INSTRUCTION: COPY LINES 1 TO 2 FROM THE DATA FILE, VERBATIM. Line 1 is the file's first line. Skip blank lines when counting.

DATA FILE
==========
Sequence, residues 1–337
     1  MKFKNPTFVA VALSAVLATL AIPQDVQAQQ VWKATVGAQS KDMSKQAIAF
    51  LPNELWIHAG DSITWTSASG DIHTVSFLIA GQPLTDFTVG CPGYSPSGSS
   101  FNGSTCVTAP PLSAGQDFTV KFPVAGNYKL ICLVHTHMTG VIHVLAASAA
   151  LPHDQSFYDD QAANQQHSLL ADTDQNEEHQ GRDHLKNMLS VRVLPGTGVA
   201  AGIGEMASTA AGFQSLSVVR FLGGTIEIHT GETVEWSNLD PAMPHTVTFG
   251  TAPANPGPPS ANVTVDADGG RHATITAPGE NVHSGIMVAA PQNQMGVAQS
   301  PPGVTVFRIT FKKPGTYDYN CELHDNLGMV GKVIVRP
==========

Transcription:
Sequence, residues 1–337
     1  MKFKNPTFVA VALSAVLATL AIPQDVQAQQ VWKATVGAQS KDMSKQAIAF